The Salt Madonna by Catherine Noske
— review by Jenny Dowell
This is one for those of us who love a crime novel while relishing a beautiful literary style and a touch of the unexplained. As a bonus, this is an Australian novel where the sense of time and place will resonate with readers.
While completing her PhD on the theme of ‘home’ in literature, Catherine Noske started this, her first novel, ten years prior to its 2019 publication.
The novel is set on Chesil, a small imaginary island off the Western Australian coast. The title comes from the large wooden Madonna erected by an early settler at the entrance to the harbour. Hannah Mulvey is a sixth-generation descendant of the settler and grew up on the island. She returns to care for her mother and to take up a teaching position at the small three-teacher Kindergarten to Year 9 school. Hannah’s class of year 7-9 students has amongst its four year 9 students, one girl, 14-year-old Mary.
The people of this small island are linked by history, religion, gossip, secrets and efforts to make a living. The only well-to-do landowner is now growing grapes while there are feeble attempts to attract tourists from across the bay. The sense of ‘home’ and returning to a small remote place of childhood where everyone knows your story, is a fundamental part to the novel.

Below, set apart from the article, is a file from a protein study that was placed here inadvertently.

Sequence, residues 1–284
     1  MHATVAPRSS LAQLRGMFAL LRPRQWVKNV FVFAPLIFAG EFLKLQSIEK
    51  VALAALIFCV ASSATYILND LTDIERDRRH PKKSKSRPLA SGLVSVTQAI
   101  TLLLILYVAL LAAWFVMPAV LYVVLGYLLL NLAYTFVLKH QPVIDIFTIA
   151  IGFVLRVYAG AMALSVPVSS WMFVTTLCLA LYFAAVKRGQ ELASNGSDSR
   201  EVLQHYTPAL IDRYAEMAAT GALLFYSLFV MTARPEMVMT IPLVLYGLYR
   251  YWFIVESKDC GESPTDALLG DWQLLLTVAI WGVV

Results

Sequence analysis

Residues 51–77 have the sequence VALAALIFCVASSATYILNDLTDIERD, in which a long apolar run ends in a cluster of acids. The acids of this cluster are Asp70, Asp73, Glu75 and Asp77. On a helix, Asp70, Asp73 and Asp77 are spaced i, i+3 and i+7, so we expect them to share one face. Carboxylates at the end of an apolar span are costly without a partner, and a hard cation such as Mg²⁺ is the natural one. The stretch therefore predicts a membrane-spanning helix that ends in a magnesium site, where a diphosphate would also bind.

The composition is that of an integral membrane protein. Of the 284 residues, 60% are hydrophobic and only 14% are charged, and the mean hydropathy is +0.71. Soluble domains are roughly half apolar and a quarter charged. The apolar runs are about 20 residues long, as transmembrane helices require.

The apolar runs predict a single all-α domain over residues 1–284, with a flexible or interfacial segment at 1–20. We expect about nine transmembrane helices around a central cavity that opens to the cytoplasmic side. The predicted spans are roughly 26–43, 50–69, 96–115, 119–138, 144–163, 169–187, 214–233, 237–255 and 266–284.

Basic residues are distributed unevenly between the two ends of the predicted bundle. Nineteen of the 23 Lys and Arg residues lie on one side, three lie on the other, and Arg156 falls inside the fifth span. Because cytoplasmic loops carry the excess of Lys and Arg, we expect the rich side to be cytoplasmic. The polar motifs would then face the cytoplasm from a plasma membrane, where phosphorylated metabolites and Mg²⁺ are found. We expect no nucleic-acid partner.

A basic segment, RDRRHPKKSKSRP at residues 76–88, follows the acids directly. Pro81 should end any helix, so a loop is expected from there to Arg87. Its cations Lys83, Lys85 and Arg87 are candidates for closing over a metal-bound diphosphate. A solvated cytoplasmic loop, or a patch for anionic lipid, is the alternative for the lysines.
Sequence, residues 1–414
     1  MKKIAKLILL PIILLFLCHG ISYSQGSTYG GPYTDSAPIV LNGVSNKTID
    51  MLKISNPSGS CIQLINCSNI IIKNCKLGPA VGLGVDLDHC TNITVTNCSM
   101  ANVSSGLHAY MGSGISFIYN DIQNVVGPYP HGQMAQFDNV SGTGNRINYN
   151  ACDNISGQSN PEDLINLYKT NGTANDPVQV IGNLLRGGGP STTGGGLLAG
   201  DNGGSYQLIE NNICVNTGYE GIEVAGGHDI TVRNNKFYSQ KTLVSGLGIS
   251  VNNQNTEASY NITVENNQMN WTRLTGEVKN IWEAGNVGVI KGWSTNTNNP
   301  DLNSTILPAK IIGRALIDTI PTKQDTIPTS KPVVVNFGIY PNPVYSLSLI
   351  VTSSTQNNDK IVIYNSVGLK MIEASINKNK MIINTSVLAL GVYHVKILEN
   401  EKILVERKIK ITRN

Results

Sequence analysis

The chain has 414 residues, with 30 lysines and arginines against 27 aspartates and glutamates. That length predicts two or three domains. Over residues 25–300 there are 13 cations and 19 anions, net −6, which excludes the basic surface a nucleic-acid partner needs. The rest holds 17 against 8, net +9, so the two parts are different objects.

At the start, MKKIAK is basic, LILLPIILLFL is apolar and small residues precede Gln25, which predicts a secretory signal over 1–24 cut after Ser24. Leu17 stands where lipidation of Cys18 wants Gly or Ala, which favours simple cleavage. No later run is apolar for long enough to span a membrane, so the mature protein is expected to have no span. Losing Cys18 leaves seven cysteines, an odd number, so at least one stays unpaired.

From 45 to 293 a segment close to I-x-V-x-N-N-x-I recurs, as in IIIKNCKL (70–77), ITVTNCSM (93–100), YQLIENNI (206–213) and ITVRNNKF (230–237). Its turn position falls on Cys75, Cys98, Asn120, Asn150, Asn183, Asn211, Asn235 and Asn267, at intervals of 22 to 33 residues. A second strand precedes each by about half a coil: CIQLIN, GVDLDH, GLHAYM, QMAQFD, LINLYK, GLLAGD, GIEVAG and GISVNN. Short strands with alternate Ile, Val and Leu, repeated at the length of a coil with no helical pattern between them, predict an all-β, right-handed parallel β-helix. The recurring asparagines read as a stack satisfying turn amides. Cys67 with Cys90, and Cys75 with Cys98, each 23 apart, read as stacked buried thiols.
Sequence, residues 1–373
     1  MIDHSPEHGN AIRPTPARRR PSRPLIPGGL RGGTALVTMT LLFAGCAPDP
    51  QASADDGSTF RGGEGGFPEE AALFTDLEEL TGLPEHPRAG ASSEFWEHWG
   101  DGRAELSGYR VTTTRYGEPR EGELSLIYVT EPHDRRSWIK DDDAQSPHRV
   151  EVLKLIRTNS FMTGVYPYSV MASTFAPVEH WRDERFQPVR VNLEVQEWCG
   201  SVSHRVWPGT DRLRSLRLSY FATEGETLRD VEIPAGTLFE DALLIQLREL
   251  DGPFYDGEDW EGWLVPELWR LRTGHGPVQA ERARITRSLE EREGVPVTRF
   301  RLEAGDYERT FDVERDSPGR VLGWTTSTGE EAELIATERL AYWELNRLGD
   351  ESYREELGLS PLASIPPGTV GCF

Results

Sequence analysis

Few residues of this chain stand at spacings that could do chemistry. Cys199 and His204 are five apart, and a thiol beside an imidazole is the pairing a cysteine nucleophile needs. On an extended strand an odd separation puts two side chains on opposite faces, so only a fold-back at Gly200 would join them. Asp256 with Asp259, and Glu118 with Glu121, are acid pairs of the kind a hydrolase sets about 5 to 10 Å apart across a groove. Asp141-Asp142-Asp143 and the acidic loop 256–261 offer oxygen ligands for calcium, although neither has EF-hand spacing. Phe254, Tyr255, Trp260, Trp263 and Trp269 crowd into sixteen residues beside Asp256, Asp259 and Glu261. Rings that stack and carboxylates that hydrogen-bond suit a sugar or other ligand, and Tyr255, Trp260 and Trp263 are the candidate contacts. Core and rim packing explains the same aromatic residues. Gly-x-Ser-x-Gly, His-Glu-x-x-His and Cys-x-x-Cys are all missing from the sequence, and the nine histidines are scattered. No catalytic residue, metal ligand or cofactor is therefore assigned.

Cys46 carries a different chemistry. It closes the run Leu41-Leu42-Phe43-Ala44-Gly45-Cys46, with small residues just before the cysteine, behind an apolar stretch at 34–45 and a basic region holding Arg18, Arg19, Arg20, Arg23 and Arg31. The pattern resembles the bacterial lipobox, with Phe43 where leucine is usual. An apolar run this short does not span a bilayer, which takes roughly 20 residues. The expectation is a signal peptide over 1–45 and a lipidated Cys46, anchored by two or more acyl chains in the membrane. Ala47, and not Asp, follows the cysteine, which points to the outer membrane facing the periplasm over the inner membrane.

All the characters are beautifully drawn—from the widowed priest struggling with his loss, Hannah’s dying mother Ellen, the pubescent Mary, and the enigmatic men that surround them.
The novel has been described as Australian Gothic and has a touch of Picnic at Hanging Rock or The Dressmaker about it.
The Salt Madonna is a beautifully structured story with chapters divided by months and their significant Christian days. Hannah is not only the major character but also a diarist who, through her first person brief interjections, reflects 16 years after the events. In those reflections, Hannah struggles with her own ability and hesitancy to tell the story and how her actions could have changed its outcome.
This is one of the best books I’ve read this year and recommend it highly. Like many, I look forward to Catherine Noske’s second novel.
Highly recommended, 5/5
Thanks to the Richmond Tweed Regional Library for sharing book review by Jenny Dowell Link to Book Reviews and Reserving link